The biggest downside is that the shared hotspot isn’t totally private. In fact, it’s part of Karma Go’s marketing plan that anyone near you, say sitting in the next seat over in the airport, can log onto your network (and you’ll get a 100 MB bump in your data for the good deed). Karma says you aren’t opening your hard drive up or offering your browsing history to strangers, but if you’re the lockbox type, this definitely isn’t for you.
Big-Name Subsidies A number of the brands we’ve all heard of — AT&T, Comcast, and Google Fiber, among others — offer subsidized internet that can cost as low as $5 a month with no deposit, no equipment fees, and no gotchas. Check EveryoneOn.org to see if you’re eligible.
We also looked into FreedomPop, which offers 500 MB free a month on the Sprint network — just purchase one of its hotspot devices (around $80 depending on the model). But, the FreedomPop freemium model makes it clear: You will most likely end up paying more than $0. We couldn’t get behind the upsell of $2 for an email alerting us that we were nearing our data limit, or the $4 to roll our data over month to month, and were confused by the extra 1 GB of “free” data we were offered for committing today! Sign up was a mess, too; multiple times the hotspot we were about to buy suddenly had the “offer expire.” The entire site screamed: This will not be free.
If you’re looking to stream content or download music, you’ll be better served by a more traditional plan on a major carrier. They won’t track your usage; instead you’ll be picking a speed — and you can use as much internet or data at that speed as you want.
Time Warner Cable has some of the consistently lowest prices across the board. For its barebones 2 Mbps package, the “Everyday Low Price” plan, you’ll pay just $15/month (not including startup fees). It won’t be winning any awards for speed or customer service — Time Warner consistently scores lower than other major ISPs when it comes to speed tests and it’s dead last for customer satisfaction in the ACSI Telecommunications and Information Report.
However, it does offer more plan options than any other provider, so you can get exactly what you need, for a good price. Take note: The two lowest price plans, the Basic and the Everyday, aren’t available online — you’ll need to call in to sign up. Want a bit more? The $35 plan for 15 Mbps is a good value.
The FCC recently approved Time Warner’s merger with Charter Communications, which will make this massive communications conglomerate a superpower in years to come. While the merger will bring service to 2 million new customers, it’s too soon to tell how it’ll impact prices and customer satisfaction.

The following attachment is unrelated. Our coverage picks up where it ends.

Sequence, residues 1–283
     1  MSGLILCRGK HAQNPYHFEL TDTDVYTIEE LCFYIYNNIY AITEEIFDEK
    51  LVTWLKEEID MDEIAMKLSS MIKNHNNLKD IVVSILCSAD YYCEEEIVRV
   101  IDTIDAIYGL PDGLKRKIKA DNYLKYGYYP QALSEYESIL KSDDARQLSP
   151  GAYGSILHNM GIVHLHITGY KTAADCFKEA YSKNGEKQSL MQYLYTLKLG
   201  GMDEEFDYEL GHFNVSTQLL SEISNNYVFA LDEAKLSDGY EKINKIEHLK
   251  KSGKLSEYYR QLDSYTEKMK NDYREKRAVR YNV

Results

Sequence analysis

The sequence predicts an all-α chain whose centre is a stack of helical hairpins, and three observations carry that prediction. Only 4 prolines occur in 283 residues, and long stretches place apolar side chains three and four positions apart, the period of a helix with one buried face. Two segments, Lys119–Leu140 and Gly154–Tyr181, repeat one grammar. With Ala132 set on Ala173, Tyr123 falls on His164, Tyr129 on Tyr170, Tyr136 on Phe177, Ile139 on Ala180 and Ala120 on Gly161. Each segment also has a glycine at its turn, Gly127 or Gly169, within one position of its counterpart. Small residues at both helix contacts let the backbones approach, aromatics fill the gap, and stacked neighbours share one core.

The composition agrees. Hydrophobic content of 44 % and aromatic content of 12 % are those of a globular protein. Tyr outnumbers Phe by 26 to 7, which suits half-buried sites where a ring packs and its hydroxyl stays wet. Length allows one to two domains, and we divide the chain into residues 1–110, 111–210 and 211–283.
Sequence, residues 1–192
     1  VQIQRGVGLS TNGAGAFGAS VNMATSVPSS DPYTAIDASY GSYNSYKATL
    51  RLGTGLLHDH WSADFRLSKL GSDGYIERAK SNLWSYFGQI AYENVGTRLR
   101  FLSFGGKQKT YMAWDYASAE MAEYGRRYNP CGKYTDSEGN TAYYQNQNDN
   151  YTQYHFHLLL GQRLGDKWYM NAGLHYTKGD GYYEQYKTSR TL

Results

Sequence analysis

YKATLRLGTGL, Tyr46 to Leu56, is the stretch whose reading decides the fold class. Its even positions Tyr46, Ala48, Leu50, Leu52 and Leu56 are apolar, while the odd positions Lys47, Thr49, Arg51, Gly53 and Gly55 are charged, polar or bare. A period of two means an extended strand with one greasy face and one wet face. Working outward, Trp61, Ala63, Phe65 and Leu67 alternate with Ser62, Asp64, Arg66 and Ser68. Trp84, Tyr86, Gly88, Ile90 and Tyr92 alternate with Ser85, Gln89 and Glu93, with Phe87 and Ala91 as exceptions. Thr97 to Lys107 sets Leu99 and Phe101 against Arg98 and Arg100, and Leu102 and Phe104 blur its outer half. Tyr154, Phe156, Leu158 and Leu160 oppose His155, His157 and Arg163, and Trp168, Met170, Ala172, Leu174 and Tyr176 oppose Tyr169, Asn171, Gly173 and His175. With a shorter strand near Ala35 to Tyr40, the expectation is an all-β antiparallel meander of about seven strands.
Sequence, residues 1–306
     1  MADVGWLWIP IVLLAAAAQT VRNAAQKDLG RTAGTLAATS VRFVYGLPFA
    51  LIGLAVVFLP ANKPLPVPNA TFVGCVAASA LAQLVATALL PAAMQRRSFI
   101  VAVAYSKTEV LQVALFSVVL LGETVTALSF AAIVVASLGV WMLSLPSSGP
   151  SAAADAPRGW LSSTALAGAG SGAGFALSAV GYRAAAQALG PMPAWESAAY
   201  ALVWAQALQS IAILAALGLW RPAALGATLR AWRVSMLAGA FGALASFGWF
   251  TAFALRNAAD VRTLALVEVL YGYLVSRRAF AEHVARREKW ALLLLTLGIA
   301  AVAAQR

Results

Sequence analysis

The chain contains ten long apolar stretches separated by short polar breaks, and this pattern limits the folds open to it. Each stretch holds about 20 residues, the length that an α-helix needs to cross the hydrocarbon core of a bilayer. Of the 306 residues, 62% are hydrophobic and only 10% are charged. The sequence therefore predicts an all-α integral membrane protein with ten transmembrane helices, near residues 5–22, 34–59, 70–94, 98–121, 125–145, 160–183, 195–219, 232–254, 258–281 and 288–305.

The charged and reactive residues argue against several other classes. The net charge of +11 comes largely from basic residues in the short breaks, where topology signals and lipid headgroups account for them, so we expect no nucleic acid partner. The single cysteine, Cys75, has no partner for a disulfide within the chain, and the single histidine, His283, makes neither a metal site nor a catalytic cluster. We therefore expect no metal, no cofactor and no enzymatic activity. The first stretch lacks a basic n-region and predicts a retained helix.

Verizon Fios is our top pick for best overall ISP (regardless of price): It gets consistently high ratings for speed and reliability, and even manages to not entirely bomb at customer service. It’s certainly worth checking out if you have access — and that’s a big “if,” since fiber optic internet requires huge overhauls of local infrastructure, meaning it’s only inching its way across America. Yes, it is more expensive; a basic package will get you 50 Mbps at $50 a month for one year, excluding equipment charges, taxes, and other fees (which can add up). But, if you’re after more speed, or have more users in your household, Verizon has the best service and the bang for the buck gets pretty enticing: $60 for 100 Mbps, $70 for 150 Mbps. Those are introductory prices; expect the typical one-year price hike with this option.
Runner-Up for Best Cheap Internet
Comcast Xfinity: Its second tier plan — 25 Mbps for $40/month — is a good deal, but buyer beware. Comcast gets slammed in all the polls for its poor customer service, so only go this route if you’re willing to sit through a lot of hold music.
The Best Cheap Internet Providers: Summed Up
Did You Know?
Prices vary by location.
While some cities subsidize broadband, installation and infrastructure expenses could drive up costs in rural areas. And not everything is available everywhere. Broadband Now is a great resource for finding which options are available in your ZIP code.
The cheapest plan might be the plan you already have.
Make it even cheaper by buying any equipment you’re renting (you might be getting charged over $10/month for a modem/router combo you could buy for $50), bundling your services, and then calling up to negotiate — tell your ISP you’re considering some of our other top picks and see if it’ll give you a deal.
The Bottom Line
The cheapest way to get internet is to figure out how much you actually need — if it’s not a lot, you don’t have to pay a lot. A Karma Go costs $149 up front, but can be as inexpensive month-to-month as you want. For more bandwidth, your address determines your options: Fios is the fastest and the best (but not the cheapest); Time Warner is cheaper and more flexible (but certainly not the best).